Epstein-Barr Virus-Associated Myoid Tumors in Human Immunodeficiency Virus-Infected Patients
- Corresponding Author:
- PK Ramdial
Department of Anatomical Pathology
Level 3, Laboratory Building, Inkosi Albert Luthuli Central Hospital
800 Vusi Mzimela Road, Mayville, 4058
KwaZulu-Natal, South Africa
Tel: +27 (0)31 2402693
Fax: +27(0)31 2402610
E-mail: [email protected]
Received date: July 30, 2016; Accepted date: August 30, 2016; Published date:September 06, 2016
Citation: Khaba MC, Ramdial PK, Pillay B, Steyn AJ, Nargan K (2016) Epstein-Barr Virus-Associated Myoid Tumors in Human Immunodeficiency Virus-Infected Patients. J AIDS Clin Res 7:616. doi:10.4172/2155-6113.1000616
Copyright: © 2016 Khaba MC, et al. This is an open-access article distributed under the terms of the Creative Commons Attribution License, which permits unrestricted use, distribution, and reproduction in any medium, provided the original author and source are credited.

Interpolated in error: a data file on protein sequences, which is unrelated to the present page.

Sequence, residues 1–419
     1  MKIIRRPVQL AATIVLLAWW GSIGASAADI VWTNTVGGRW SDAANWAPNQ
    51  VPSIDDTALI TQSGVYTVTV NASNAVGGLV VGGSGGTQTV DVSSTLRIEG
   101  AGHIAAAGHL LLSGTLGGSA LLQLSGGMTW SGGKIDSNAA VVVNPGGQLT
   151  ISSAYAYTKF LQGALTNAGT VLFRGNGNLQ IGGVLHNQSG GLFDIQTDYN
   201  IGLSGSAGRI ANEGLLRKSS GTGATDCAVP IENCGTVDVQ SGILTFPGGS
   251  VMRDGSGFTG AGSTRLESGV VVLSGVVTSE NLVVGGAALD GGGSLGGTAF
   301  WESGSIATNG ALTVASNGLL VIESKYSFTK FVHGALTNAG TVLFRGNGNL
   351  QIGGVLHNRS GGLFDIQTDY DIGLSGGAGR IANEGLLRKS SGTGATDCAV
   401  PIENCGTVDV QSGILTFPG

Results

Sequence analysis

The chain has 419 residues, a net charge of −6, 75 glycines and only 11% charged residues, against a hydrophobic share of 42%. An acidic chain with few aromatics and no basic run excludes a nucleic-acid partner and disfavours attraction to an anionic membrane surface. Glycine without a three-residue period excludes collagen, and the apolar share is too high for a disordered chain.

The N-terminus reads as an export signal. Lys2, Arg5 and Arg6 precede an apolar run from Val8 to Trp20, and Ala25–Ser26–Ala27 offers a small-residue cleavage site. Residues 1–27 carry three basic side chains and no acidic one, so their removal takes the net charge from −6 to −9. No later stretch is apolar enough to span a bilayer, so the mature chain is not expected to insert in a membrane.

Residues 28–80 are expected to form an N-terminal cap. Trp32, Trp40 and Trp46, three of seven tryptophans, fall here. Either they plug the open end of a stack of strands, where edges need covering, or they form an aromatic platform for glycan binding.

Although Epstein Barr Virus (EBV)-associated myoid tumors (EBV-MTs) are a well-recognized entity, commonly associated with immunocompromise and immunosuppression, including Human Immunodeficiency Virus (HIV) infection and acquired immunodeficiency syndrome (AIDS), they are reported uncommonly. An expanding spectrum of EBV-MTs has emerged in the last decade, associated with an increasing range of organ involvement. EBV-MTs are associated with diagnostic pitfalls, incomplete etiopathogenetic understanding and treatment challenges. This review revisits EBV-MTs in the HIV and AIDS setting. The characteristics of EBV, their etiopathogenetic role in neoplasia, in general and in HIV-associated EBV-MTs in particular, are discussed. Historical, demographic and diagnostic clinicopathological features of EBV-MTs are detailed, classification and diagnostic challenges are emphasized, treatment options and dilemmas are presented briefly and outcome-associated factors are described. While attention is drawn to current demographic, classification, etiopathogenetic and management uncertainties and hiatuses, potential future approaches to address these shortcomings are also alluded to.